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Uncommon Things We Believe #9 The Essential Nature of Baptism – Acts 2:36-39, Matthew 26:28, Romans 6:1-4

26 May

Acts 2:36-39 (NIV) “Therefore let all Israel be assured of this: God has made this Jesus, whom you crucified, both Lord and Christ.” 37  When the people heard this, they were cut to the heart and said to Peter and the other apostles, “Brothers, what shall we do?”  38  Peter replied, “Repent and be baptized, every one of you, in the name of Jesus Christ for the forgiveness of your sins. And you will receive the gift of the Holy Spirit.  39  The promise is for you and your children and for all who are far off–for all whom the Lord our God will call.”

 Matthew 26:28 (NIV)  This is my blood of the covenant, which is poured out for many for the forgiveness of sins.

Greek Word: εἰς  Transliteration: eis
Simply put, the religious world is divided over this one Greek word. Does it mean “because” or “in order to” be forgiven?

If it means “because” then someone is saved before they are baptized. If it means “in order to” it means that baptism is an act of faith that makes possible the forgiveness of sins.

The same word is used in the Acts 2 and Matthew 26 verses. IF one says we are baptized because we are already saved….does Jesus’ words also mean that we are already saved before He poured out His blood?

In baptism, one who believes that Jesus is the Christ, Lord, Savior, and Son of God (John 3:16; Acts 2:36) and has faith in His blood to forgive him of his sins (Romans 3:25) must commit himself to a new life (Romans 6:4) in order to be clothed with Jesus (Galatians 3:27) and be forgiven of his sins (Acts 2:38).

Thus, he is forgiven, is born again, and enters into the kingdom of God (John 3:5), the body of Christ (1 Corinthians 12:13), which is His church (Ephesians 1:22, 23).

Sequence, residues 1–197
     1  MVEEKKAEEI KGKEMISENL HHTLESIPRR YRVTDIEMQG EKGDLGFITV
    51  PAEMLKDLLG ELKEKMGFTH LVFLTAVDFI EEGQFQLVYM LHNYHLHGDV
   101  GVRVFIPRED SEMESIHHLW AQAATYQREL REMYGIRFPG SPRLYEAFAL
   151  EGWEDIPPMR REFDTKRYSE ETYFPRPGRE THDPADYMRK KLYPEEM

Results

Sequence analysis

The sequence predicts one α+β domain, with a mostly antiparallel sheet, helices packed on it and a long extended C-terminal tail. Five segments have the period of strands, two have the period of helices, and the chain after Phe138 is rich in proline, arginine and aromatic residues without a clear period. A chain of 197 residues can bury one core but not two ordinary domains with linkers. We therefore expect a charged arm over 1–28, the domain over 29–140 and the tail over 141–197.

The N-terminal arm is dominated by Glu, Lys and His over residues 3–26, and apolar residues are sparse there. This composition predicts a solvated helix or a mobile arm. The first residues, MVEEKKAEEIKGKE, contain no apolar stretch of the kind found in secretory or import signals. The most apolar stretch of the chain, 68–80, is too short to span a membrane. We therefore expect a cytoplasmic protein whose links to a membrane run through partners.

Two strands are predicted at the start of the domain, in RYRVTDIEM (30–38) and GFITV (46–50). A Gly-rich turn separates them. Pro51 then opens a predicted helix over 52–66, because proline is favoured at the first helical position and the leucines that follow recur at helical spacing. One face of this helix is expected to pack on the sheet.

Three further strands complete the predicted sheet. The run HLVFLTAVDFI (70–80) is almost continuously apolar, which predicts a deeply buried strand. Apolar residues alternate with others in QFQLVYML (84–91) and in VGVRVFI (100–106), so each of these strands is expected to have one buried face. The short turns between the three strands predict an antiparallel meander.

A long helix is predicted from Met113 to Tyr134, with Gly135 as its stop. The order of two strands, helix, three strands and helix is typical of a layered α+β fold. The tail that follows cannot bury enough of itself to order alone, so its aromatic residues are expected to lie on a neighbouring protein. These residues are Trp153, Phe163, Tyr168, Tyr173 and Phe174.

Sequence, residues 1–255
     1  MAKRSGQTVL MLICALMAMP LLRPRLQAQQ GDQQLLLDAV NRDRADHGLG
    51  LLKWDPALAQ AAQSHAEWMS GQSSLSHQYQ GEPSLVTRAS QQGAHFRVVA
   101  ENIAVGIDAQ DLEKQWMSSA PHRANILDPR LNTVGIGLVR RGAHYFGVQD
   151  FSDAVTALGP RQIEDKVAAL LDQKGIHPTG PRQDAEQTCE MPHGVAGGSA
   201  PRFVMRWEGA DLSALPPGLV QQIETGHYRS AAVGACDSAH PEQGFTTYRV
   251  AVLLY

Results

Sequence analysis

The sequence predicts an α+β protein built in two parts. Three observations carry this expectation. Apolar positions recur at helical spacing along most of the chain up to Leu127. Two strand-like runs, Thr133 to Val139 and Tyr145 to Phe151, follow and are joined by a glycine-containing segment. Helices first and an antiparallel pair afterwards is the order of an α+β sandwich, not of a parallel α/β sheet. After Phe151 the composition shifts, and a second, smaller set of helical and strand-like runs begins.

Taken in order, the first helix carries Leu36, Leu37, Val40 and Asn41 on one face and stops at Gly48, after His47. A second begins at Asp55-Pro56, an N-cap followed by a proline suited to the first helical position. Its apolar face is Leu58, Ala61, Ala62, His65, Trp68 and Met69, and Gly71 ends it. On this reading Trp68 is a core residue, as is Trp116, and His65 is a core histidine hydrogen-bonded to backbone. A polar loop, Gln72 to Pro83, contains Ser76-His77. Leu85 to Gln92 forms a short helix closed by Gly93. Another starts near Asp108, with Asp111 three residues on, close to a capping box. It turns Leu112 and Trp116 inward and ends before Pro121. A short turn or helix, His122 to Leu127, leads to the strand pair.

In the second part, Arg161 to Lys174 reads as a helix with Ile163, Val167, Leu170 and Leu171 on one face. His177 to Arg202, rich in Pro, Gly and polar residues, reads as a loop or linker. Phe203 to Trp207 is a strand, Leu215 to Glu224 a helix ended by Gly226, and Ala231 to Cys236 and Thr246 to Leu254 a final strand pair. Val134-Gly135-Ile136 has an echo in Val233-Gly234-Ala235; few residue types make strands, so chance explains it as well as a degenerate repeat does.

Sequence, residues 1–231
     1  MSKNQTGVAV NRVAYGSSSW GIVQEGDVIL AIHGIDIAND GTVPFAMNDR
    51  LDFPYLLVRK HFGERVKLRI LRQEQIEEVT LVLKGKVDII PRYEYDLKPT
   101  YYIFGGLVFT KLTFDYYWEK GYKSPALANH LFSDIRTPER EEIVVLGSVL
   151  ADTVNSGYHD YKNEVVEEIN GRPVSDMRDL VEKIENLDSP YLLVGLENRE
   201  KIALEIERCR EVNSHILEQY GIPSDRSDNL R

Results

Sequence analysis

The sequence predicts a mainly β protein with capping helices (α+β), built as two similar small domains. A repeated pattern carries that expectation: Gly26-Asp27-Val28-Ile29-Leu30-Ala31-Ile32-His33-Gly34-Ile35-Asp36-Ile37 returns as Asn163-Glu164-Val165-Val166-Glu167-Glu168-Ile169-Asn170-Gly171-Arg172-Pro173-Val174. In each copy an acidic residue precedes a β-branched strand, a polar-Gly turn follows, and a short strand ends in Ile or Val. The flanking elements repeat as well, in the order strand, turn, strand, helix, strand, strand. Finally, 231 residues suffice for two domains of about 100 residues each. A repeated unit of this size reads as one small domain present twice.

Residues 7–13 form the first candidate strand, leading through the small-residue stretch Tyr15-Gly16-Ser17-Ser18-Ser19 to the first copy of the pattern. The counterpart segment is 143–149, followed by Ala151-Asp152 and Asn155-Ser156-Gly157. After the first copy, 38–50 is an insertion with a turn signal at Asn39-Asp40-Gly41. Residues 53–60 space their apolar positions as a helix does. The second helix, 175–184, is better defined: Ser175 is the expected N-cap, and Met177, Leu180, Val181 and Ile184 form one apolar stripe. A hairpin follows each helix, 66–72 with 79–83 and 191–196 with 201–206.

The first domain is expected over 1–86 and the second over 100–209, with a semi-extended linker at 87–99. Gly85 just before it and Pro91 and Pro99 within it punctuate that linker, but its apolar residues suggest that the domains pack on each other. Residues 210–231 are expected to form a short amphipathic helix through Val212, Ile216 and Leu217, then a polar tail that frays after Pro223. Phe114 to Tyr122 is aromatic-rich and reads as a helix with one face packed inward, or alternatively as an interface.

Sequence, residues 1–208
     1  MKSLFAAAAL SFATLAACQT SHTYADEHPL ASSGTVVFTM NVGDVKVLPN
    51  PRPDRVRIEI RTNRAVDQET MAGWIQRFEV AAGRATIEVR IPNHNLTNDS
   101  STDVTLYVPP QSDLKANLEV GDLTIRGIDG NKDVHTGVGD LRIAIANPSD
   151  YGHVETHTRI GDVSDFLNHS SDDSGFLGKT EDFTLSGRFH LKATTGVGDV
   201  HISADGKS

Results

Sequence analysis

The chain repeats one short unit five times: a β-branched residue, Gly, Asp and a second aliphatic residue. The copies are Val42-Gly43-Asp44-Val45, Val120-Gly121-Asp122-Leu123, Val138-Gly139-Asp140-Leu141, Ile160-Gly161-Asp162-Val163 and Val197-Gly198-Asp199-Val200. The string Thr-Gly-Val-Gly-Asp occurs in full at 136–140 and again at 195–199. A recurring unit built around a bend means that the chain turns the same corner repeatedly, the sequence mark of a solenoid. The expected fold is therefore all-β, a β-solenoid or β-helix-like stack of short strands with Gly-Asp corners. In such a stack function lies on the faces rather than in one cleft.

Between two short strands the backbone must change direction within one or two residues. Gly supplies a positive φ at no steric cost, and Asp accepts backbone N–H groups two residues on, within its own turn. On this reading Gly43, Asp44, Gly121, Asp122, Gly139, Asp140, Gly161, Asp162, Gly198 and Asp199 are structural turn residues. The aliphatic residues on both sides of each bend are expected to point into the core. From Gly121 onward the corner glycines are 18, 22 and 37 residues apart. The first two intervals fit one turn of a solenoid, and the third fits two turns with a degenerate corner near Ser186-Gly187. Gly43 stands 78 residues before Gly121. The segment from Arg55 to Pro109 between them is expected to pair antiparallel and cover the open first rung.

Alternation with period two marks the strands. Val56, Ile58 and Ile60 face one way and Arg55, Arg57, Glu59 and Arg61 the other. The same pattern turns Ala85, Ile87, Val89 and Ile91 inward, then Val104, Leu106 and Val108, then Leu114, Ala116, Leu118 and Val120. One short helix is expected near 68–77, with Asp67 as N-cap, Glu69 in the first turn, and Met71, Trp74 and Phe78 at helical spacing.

(Romans 6:1-4)  What shall we say, then? Shall we go on sinning so that grace may increase? {2} By no means! We died to sin; how can we live in it any longer? {3} Or don’t you know that all of us who were baptized into Christ Jesus were baptized into his death? {4} We were therefore buried with him through baptism into death in order that, just as Christ was raised from the dead through the glory of the Father, we too may live a new life.

Does the water of baptism have the power to forgive sins? Is baptism only a symbol, an outward sign of an inward grace, that shows that one has been saved? Is it only a sign of dedication or an act that inducts people into a denomination?

Is baptism valid if the person being baptized neither knows the purpose and design of baptism nor understands the commitment expected of him? Is an empty ritual all that God requires of one who is seeking to be a child of God?

Has God ever required an act on the part of man involving His relationship with man devoid of a response from the heart and of an understanding of its purpose and meaning? Is one to commit himself to a new birth when he is being baptized? Must one accept baptism in the light of the meaning God has associated with it?

These questions should be answered if we are to understand what God requires of a person engaging in a physical act that has no meaning apart from the meaning God has associated with it. The only way to find the answers is to examine the Bible and let God speak for Himself.

We do not believe that baptism saves as a work that earns salvation. Romans 4:1-9 shows very clearly that we do not and cannot earn our salvation. Boasting is excluded in Christ (Rom. 3:27).